- 01 Download the 3D CAD Software and Class Files
- 02 Generative Design Basics
- 03 Generative Design Basics - Force on Square x 4 Sides
- 04 Equal Force - Square All 4 Sides - Normal to Each Face
- 05 Force on Square - Same Direction - Top to Bottom - Left to Right
- 06 Force - 4 Outside Faces Fixed - Force Added on Center Hole
- 07 Introduction to Finite Element Analysis
- 08 Generative Modeling - An Extension of Finite Element Analysis
- 09 Controlling the Direction of Force
- 10 Modifying Your File With Synchronous Technology
- 11 Comparing Conventional Design Results with Optimized Results
- 12 Adding Mass to Your 3D CAD Parts for Better Optimization Results
- 13 Understanding Basic Design Constraints
- 14 Preserve Regions Command - How and When to Use
- 15 General Overview and Review
- 16 Force and Direction - Considering Options
- 17 Assembly Links - Removing Sharp Edges
- 18 Fixed Constraints - Where to Place - Force Directions
- 19 Moving the Fixed Constraint for Better Results
- 20 Center of Mass and Where to Place Fixed Constraints
- 21 What Moving the Locations of the Fixed Constraint Does
- 22 Using Split Face to Manipulate Balance
- 23 Advantages of Sychronous Technology with Generative Design
- 24 Section Views - Planar Cuts of Optimizations
- 25 Generative Design Settings & Modeling Options
- 26 Units of Measurements
- 27 Wall Mount Support Bracket
- 28 Wall Mount Bracket Quality Improvements
- 29 Study Quality - Time Versus Quality - Wall Mount Bracket
- 30 How Study Quality can Dramatically Improve Results
- 31 Stepper Motor Mount Optimizations
- 32 Adding Mass with Synchronous Technology for Better Results
- 33 Aviation Bracket - Generative Design Optimization Options
- 34 Design Improvements - Aviation Bracket - Sharp Edges
- 35 Split Face and Center of Mass
- 36 Wall Mount Arm - Generative Optimization Basics
- 37 Wall Mount Art - Part 2
- 38 Combining Parts - Manufacturability - Wall Mount Arm
- 39 Wall Mount Arm - Optimizing the Part that Connect to the Wall
- 40 3D Metal Printing
- 41 Wall Mount Arm - Combining Parts - End that fits to Monitor
- 42 Design Mistakes - How Generative Design Can Help Find Errors
- 43 Why Will We Still Need Mechanical Designers?
- 44 Why We Will Still Need Mechanical Designers
- 45 Commercial versus Academic License
- 46 How to 3D Print Genereative Design Parts
- 47 Torque - Understanding Loads
- 48 Visualizing STEM - Comparing Load Constraints
- 49 Showing Stress Results & Adjusting Results
- 50 Study Quality & Stress
- 52 Random Combinations
- 51 Detail Sheet of Generative Design
Generative Design is a radical departure from conventional design practices and is by definition the creation of shapes decided by a set of rules, or in other words, software algorithms.
In essence the 3D CAD designer is no longer the primary creator, taking the position of a “problem framer” specifying up front design goals such as design space, constraints and keep out areas. The computer software then decides where material should be removed. Constraints define, then decide the structural results by generating an optimized part that look eerily similar to creations found in nature. The potential benefits are striking. This class will teach you how to get started with Topology Optimization.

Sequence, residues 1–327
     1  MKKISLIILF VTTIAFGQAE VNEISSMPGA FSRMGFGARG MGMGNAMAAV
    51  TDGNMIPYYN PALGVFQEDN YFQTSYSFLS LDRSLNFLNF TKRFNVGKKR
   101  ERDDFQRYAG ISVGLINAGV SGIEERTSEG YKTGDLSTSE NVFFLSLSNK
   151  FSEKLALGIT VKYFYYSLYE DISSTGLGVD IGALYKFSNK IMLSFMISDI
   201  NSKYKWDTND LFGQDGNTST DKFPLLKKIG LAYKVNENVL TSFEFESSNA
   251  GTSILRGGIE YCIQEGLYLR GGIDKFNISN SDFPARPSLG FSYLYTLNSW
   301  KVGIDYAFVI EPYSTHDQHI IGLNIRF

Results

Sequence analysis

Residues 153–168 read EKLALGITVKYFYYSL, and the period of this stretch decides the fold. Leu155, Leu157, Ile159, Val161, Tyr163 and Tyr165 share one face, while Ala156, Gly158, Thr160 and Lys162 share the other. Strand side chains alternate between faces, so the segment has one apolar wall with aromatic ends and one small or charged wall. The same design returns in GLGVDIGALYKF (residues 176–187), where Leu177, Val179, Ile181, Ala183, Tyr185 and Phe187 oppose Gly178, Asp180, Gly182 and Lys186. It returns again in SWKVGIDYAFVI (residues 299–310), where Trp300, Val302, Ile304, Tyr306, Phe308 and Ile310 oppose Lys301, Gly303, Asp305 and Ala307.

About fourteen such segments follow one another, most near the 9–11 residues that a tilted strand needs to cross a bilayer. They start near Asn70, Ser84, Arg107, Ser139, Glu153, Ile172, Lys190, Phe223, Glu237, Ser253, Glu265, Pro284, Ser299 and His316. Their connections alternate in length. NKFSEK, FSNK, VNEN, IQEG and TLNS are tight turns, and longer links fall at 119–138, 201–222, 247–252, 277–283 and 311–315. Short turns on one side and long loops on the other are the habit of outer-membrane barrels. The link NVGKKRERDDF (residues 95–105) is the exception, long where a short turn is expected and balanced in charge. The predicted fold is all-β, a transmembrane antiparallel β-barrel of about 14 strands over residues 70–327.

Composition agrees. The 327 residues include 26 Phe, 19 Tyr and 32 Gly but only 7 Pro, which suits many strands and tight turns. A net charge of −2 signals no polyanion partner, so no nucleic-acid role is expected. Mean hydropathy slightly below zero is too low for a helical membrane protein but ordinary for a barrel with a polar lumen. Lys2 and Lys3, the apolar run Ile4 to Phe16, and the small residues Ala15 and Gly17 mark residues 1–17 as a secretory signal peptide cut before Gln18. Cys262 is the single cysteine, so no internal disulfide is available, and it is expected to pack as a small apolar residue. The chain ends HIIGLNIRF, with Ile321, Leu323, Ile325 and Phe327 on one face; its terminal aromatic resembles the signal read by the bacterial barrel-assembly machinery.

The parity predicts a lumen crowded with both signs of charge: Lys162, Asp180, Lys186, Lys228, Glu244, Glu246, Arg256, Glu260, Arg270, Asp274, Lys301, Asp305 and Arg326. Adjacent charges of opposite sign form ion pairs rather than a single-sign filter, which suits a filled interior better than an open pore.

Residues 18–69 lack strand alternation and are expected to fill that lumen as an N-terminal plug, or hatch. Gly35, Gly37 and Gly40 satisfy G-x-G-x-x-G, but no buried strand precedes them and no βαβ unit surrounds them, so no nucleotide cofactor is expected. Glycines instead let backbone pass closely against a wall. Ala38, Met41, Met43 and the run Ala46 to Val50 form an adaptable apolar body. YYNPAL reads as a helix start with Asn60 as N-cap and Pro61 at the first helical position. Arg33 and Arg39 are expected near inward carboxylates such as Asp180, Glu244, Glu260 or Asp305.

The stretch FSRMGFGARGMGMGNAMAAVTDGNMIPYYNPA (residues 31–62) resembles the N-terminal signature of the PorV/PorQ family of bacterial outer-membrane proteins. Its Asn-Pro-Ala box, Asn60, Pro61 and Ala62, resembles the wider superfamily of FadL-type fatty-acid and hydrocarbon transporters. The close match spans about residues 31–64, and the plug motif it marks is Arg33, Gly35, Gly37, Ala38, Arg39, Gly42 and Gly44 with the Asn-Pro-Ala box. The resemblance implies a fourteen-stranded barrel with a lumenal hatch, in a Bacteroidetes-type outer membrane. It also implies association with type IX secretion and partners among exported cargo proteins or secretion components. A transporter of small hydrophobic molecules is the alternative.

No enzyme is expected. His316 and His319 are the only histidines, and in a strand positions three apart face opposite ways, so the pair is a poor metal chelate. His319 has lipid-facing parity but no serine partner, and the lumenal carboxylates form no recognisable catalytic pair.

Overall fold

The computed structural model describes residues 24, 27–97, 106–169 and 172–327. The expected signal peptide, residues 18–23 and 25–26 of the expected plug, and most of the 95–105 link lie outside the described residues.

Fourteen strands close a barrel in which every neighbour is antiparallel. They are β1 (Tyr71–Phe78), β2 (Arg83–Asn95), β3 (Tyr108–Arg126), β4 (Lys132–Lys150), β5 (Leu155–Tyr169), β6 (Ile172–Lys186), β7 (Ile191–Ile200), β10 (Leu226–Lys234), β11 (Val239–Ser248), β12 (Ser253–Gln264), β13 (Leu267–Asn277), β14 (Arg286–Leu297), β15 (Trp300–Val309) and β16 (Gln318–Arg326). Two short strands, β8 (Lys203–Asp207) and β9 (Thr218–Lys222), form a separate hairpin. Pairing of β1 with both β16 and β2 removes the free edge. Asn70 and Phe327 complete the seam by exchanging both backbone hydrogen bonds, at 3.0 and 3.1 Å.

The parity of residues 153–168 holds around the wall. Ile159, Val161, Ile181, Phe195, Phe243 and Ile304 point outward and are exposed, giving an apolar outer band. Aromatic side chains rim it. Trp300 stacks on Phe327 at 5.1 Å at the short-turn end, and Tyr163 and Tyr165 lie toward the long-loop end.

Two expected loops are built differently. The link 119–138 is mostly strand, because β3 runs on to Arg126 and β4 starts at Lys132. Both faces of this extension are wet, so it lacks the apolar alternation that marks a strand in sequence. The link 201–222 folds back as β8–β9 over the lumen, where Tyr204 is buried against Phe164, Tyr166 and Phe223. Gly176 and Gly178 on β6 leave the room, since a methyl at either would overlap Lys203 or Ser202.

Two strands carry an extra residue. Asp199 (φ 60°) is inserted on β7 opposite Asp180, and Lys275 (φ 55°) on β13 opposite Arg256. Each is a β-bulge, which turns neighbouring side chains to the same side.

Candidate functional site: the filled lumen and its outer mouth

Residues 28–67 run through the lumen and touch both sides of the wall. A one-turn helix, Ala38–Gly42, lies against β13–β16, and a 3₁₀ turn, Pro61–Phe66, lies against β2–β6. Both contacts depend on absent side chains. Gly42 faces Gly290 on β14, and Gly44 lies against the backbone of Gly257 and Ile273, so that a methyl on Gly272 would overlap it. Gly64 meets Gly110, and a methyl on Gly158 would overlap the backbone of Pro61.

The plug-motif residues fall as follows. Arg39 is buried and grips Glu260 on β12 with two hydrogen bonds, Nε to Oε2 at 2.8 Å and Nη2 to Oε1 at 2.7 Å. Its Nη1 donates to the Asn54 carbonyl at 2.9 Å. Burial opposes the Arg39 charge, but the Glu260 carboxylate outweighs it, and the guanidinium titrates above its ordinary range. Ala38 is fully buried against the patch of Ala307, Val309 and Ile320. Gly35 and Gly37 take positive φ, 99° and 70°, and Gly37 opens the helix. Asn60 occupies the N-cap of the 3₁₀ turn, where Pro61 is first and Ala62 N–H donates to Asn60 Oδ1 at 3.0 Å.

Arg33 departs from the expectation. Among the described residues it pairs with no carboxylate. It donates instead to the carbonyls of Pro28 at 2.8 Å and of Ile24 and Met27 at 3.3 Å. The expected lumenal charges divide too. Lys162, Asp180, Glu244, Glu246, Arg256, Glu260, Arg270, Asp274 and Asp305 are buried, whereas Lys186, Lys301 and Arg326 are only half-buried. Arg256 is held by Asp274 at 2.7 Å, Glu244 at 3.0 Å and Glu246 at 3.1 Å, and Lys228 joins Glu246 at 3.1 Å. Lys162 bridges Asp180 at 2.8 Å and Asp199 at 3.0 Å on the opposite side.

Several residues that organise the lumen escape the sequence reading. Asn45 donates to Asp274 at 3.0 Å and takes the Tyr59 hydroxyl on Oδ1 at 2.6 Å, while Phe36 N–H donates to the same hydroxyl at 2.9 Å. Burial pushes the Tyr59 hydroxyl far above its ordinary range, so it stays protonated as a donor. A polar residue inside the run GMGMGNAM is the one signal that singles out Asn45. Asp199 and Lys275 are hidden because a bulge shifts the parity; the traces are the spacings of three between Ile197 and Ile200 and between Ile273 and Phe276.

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About the instructors
- 4.51 Calificación
- 59017 Estudiantes
- 10 Cursos
Mechanical Engineering and 3D Design
John Devitry a Research Fellow at the Center of Space Engineering - Utah State University 2015 - 2019. From 2004 – 2015 John taught the introductory classes for Mechanical and Aerospace Engineering at USU while also working as the CAD Administrator at Space Dynamics Laboratory – the research arm of USU.
Over the years John has developed a unique and compelling approach to teaching mechanical engineering and 3D design, introducing the concept of Conceptual Design Blending as a way to facilitate creative thinking with engineering graphics students.
Earlier is his career John worked for 3D Systems, promoting rapid prototyping and rapid tooling technologies visiting hundreds of leading design and manufacturing companies around the world. He holds 3 patents developing the product from concept to market, selling the patent rights to independent investors. John enjoys writing and has published 3 articles in BYU Studies. Education: 1986 – 1990 Brigham Young University Provo, UT. Bachelor of Science Degree in Engineering
absolutely, it should be much more technical
i feel i'm learning a new thing
yes feels so good till now , as I came to know the basics and this was presented beautifully
The course is awesome
Excelente elección. Gracias por compartir.
This course was much more extensive and useful. Having done something similar for an internship at Siemens PLM documenting examples of topology optimization within NX, this course makes me look back and see how much more I could have achieved. It was a great learning experience and it is a great tool to visualize Mechanical Engineering concepts outside of extensive technical jargon. This tool integrated with classroom learning can help students immensely.
I got an understanding of what 3D generative modeling can do when designing parts.